When I was an undergrad in the middle of the Material Girl 80s, I don’t remember anyone—a professor, a parent, or even a random guy on the street (or in the career counseling center)—ever telling me to “do what I love and the money will follow.” And while author Marsha Sinetar released her book with the same title in 1989, the year I graduated from college, it never showed up as a graduation gift.
Instead, I heard “Get a job.” (And: “You’ve only got six months before you start paying off that student loan.”)
I was encouraged by many, of course, to find work that I would enjoy, that would maximize my skills and my creativity. I was raised to believe money didn’t matter all that much. But I wasn’t told to “find your passion” and, if I was, I’m not sure I could have found it…even if you’d given me a glass of wine and a life coach.
It’s possible this is a Midwest sentiment. I grew up in the heartland, raised by first-generation Americans. We’re known to be relentlessly practical (and polite). And, it’s possible, I was told this and no longer remember because I didn’t take it seriously.
This may seem odd to my creative writing students and people who know me well, because I am a person who is passionate about many things, especially reading literature and trying to write it. My mother says I began reading at 3 and even if she’s exaggerating, my favorite childhood memories are summer days in the hammock with my library books. When I wasn’t reading, I was writing or, at least, watching the world as a writer does, observing and analyzing while trying to make meaning out of it all. Not much has changed in 40-some years. But still it seems odd to call it my “passion;” it’s simply who I am as a person. The act of writing rarely feels like an act of passion. It just feels hard.
After graduation, I spent the next 15 years writing for various advertising and marketing companies. I wasn’t passionate about these positions, necessarily, but there were projects I became passionate about. At night, I still read and I wrote what I wanted to write, not what I was paid to do. I joined writing groups and book clubs; I went to workshops and readings. I published a few things. I even got paid a few times. I’m mathematically challenged, but if I had to guess I’d say I average about .0002 cents an hour for my creative work (and that’s probably a high estimate).
I suppose to many that doesn’t feel like success or, at least, it certainly doesn’t seem to correlate with the notion that “the money will follow.” The money, for my “passion,” hasn’t even limped behind me. And while I’m happy it worked out for Walt Disney and Steve Jobs, I lose zero sleep over my own “passion” income.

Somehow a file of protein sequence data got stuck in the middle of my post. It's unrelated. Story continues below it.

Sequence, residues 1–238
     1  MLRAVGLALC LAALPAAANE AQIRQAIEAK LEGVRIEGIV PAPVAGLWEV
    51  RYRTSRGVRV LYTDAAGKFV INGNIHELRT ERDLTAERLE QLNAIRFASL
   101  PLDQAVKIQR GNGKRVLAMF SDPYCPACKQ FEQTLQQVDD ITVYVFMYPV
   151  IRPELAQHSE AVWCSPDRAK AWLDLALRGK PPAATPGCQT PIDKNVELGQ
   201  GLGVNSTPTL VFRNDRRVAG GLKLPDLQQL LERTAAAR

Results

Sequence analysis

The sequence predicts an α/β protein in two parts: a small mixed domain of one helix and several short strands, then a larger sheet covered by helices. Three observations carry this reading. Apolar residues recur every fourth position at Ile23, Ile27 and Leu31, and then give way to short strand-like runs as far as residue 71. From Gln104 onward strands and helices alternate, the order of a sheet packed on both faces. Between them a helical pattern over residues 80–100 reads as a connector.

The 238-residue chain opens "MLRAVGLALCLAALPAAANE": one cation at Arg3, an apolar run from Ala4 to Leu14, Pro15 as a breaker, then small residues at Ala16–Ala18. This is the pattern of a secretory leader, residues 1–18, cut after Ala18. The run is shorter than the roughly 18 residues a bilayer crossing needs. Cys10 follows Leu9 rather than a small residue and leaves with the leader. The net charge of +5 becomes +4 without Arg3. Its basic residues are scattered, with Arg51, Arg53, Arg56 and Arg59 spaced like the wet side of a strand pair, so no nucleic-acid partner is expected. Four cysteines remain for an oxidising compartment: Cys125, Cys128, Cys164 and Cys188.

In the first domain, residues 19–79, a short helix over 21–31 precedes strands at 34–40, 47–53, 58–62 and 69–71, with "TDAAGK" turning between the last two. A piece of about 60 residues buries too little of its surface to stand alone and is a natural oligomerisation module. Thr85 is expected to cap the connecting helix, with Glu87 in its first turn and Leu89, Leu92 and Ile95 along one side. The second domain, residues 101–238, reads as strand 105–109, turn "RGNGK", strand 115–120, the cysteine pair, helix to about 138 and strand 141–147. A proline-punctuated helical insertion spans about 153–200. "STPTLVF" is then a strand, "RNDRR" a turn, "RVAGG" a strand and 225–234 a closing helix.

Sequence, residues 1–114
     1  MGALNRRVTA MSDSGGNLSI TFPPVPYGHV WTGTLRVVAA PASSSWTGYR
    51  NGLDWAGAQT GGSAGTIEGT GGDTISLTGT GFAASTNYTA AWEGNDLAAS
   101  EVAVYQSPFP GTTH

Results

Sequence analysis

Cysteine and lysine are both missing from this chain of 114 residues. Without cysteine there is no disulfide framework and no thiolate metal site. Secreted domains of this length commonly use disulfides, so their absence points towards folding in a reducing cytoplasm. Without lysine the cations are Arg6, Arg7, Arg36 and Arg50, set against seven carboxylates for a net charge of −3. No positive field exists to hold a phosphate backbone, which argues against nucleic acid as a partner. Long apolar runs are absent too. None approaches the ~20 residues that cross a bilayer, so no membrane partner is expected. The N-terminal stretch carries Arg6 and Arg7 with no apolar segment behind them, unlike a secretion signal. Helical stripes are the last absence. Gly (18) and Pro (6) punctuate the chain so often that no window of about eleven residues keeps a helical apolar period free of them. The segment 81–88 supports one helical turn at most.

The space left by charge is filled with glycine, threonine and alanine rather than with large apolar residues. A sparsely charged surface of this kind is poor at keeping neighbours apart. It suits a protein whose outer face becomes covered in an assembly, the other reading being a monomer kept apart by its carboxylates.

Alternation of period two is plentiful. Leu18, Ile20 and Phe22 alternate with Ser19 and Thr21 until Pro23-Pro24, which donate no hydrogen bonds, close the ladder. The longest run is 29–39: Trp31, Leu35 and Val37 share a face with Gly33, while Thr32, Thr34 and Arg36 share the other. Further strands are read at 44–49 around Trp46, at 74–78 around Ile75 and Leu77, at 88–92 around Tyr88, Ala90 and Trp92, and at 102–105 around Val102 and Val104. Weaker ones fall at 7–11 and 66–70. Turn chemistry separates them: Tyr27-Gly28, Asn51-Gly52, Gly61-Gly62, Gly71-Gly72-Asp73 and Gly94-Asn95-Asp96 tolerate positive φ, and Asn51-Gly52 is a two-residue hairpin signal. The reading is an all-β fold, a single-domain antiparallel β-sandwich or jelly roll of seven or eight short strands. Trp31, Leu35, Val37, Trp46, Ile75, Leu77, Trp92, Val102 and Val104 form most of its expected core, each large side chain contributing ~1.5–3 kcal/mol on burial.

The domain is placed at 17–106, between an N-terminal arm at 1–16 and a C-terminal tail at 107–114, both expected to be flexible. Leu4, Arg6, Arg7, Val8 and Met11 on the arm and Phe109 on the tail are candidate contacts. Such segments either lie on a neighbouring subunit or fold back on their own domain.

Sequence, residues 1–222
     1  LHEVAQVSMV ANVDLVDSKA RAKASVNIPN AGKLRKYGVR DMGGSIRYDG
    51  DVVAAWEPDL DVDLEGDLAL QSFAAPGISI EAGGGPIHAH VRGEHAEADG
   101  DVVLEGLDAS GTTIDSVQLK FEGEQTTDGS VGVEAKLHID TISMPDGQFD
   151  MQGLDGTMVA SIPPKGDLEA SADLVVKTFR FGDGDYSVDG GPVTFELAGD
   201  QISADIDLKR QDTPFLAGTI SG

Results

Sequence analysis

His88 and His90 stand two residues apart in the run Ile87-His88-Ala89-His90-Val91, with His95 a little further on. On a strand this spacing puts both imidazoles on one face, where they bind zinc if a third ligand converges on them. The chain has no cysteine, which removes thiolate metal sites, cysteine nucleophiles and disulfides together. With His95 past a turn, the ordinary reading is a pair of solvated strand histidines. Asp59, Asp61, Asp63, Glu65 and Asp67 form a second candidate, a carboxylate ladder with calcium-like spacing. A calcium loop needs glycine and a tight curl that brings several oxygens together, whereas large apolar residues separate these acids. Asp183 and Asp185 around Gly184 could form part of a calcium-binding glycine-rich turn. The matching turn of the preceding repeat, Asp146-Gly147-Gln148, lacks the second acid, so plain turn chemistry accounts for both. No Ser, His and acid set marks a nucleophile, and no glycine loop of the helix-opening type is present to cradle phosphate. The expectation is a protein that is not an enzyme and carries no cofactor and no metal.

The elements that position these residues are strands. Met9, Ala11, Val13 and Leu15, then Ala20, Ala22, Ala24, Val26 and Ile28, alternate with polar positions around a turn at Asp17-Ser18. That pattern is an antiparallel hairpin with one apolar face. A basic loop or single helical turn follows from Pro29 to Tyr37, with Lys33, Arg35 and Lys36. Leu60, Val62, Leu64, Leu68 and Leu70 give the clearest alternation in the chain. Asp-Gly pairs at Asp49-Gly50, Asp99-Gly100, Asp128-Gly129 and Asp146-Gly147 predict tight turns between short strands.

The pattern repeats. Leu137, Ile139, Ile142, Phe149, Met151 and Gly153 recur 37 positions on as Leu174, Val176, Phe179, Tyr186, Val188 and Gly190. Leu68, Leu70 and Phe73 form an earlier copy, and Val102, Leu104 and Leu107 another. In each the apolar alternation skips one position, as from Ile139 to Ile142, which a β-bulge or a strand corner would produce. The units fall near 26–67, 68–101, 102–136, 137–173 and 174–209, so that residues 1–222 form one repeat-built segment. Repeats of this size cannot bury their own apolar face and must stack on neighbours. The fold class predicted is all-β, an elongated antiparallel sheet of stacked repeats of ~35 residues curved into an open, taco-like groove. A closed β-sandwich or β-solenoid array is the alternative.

When I started the MFA program in creative writing in my late 30s, I looked at it as a gift I gave myself. For years, I felt as if I wasn’t improving artistically on my own. I get weary when people say “writing can’t be taught.” Of course, it can. It’s the equivalent of saying trumpet players are born that way. My professors helped me shape my work in immeasurable ways. I’m forever grateful.
While I was there, I taught as a graduate teaching assistant and found I loved teaching. After I graduated, I was fortunate enough to be hired. I tell everyone—often—how much I love my job. I work hard to do my job well and to keep growing as an educator. I feel like it was something I was born to do, but I’m still not sure I would call it “following my passion.” I am passionate about my students. I am passionate about the work we read and the work they write. I am passionate about the service-learning work they engage in. When I stop being passionate about these things, I’ll find something else to do. But even though the term “passion” remains problematic for me, I suppose I reserve it for my own creative work…which still hasn’t produced any real income despite a growing list of publications.
My students often ask me how to make a living as a writer of literature. I know very few people who do, so I send the students to speak with visiting authors and others in our department. I tell them about jobs they can get as students with degrees in the humanities. I’m convinced studying the arts—and trying to create your own art—makes you a better person, one this world desperately needs. I’m hugely proud of them and their willingness to pursue this path.
But I worry about this rhetoric we seem to collectively agree on, one that assumes everyone has a “passion” that’s full of power and just waiting to be unearthed and used for financial gain. Some people do; some people may not. But I believe everyone has a purpose, and everyone can find activities that fulfill them. And, sure, those activities can absolutely lead to jobs, but they don’t have to.
If you do what you love—or what you like or what you find important or useful for yourself or for the causes you believe in—it’s possible “the money will follow.” But it’s also possible, it won’t.
Do it anyway.
Laurie Uttich an instructor of creative writing in the English Department. She can be reached at firstname.lastname@example.org.